The Wikihouse Foundation set up a time-lapse camera to record the first two weeks of our build as well as filming a few of the key stages during this time. We are delighted to have this edited version as a permanent record.
A year after we began to build the wooden structure which is gradually transforming into our Wikihouse home, we have been able to step back and admire the fantastic achievements of everyone who has helped us get this far. After the first 2 frenetic weekends, the pace slowed, then slowed some more, ground to a complete standstill, re-started slowly and has now swelled to 2 or 3 days per week once again, with 3 patient friends from the village being our main source of help. On Sunday they successfully scaled the South face and managed a cheery wave as the final piece of oak cladding butted up to the gutter.
There are a few things which we would do differently if we were to turn the clock back, but mostly we are delighted with the house so far. Today we proudly showed off the fantastic inward-opening patio doors to some visitors and discovered that the top edge of the doors are higher than our planned height for the ceiling! I think we might have to use smaller battens at that end of the room! The other end will have to remain as planned because of central heating pipes crossing over each other.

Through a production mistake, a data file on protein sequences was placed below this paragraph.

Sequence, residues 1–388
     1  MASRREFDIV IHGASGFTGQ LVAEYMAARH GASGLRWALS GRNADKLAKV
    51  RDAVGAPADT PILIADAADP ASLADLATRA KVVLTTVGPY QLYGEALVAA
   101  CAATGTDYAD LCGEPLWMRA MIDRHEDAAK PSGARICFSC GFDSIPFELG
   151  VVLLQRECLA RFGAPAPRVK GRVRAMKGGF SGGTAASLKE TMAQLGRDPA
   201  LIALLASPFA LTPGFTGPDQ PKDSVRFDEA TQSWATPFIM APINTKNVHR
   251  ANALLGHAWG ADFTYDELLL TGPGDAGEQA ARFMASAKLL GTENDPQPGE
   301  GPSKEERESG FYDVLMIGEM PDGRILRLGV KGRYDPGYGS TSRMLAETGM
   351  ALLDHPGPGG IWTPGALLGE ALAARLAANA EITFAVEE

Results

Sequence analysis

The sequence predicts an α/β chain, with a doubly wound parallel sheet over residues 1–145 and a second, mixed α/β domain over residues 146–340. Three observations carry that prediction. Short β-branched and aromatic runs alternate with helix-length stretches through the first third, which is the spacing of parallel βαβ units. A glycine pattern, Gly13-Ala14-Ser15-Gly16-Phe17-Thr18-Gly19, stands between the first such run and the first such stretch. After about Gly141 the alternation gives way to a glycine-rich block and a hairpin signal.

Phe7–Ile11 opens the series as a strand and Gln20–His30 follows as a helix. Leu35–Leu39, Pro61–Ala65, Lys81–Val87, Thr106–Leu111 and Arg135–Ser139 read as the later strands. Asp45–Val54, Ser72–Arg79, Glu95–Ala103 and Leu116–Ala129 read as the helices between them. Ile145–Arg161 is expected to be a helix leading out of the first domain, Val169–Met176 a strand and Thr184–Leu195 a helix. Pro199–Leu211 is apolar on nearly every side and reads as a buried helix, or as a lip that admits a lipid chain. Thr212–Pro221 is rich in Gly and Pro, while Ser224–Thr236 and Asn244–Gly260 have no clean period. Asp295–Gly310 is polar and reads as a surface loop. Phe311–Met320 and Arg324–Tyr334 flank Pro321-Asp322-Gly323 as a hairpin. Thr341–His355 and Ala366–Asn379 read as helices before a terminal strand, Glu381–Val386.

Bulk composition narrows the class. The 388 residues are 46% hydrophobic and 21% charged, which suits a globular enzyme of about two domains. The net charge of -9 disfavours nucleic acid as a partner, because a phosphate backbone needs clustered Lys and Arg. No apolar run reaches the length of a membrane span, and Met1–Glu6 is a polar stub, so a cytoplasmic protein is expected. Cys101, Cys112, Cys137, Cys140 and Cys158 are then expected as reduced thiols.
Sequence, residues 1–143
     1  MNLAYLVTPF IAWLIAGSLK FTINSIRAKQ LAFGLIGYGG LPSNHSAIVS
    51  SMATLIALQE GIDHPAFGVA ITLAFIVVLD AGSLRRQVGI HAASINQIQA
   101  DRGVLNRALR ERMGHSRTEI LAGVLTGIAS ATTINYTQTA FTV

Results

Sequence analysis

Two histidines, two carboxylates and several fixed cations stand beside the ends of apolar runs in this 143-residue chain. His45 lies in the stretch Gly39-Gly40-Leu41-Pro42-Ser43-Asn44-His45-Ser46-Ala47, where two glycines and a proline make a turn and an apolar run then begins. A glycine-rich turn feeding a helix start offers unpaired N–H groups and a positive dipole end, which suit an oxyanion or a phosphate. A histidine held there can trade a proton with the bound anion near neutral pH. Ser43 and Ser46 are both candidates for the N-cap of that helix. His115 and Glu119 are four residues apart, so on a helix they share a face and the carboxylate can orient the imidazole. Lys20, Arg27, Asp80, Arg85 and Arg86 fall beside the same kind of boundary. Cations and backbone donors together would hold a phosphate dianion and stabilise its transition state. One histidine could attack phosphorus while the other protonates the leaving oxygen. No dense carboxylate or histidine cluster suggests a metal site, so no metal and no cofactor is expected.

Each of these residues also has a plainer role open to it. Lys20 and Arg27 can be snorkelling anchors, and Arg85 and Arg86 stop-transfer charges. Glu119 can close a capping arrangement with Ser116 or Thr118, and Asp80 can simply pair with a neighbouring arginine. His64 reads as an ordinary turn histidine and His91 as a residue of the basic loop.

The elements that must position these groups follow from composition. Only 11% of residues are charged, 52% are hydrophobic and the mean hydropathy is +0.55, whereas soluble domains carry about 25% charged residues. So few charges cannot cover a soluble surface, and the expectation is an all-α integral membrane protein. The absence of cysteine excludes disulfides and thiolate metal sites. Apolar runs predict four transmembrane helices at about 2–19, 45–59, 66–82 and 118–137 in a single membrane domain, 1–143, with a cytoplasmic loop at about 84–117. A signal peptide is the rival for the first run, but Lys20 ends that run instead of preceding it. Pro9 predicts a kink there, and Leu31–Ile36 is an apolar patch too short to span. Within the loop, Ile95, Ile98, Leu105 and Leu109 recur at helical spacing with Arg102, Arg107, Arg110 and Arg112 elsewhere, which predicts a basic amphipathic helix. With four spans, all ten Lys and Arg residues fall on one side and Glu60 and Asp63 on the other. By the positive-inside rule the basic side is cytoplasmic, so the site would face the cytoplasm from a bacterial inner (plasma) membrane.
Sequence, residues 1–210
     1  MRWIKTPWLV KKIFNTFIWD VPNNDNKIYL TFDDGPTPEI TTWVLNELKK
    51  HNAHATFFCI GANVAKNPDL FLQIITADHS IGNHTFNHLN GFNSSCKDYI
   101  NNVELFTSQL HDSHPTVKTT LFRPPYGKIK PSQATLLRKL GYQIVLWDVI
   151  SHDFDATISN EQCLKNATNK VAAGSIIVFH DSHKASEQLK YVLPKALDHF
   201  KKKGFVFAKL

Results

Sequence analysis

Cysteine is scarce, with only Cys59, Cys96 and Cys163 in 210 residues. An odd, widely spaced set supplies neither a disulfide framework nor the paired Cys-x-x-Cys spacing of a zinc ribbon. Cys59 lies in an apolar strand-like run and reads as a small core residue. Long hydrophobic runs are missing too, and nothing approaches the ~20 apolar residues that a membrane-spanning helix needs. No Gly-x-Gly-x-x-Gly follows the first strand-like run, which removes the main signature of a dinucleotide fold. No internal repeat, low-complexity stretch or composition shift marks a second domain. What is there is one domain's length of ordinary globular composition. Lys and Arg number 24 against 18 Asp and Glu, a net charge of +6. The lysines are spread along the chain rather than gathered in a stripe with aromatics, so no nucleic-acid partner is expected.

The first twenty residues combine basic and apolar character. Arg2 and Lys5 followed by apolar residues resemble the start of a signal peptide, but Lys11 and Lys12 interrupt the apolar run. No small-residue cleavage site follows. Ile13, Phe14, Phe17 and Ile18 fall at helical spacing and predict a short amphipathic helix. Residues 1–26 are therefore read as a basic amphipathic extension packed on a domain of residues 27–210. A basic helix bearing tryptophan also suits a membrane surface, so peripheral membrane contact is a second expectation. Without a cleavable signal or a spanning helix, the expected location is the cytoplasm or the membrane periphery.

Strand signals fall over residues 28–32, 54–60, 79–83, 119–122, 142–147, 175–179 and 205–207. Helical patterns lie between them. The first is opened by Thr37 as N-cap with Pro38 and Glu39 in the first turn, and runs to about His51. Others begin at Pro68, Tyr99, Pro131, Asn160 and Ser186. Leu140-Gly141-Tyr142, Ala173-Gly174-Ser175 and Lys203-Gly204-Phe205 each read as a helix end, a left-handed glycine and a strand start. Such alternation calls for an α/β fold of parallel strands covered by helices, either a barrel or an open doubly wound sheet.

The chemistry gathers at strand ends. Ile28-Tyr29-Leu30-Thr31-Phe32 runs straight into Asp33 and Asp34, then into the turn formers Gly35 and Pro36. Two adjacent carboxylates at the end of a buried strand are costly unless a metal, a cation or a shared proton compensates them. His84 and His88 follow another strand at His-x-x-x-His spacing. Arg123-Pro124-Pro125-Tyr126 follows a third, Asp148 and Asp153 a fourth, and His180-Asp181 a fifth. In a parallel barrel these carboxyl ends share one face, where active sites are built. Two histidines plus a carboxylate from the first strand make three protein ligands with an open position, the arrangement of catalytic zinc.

Minor details such as these did not prevent the ladies from the WI enjoying themselves when they joined us for a coffee evening. When their programme of events was printed last November we weren’t sure what stage the house would be at. But fortunately our younger son has been storing some furniture in our largest downstairs room (which will one day be an office and dining room), so we made use of his settees, chairs, rug and coffee tables to entertain 16 members before giving them a guided tour.
Our current task on the inside is to finish routing bright red plastic air ducting around the house to join each room vent to the heat recovery unit. This has involved the emotionally agonising process of cutting hatches in the upstairs floor. In Wikihouses of the future – I am sure there will be many – these could be fully designed in to the original cutting file.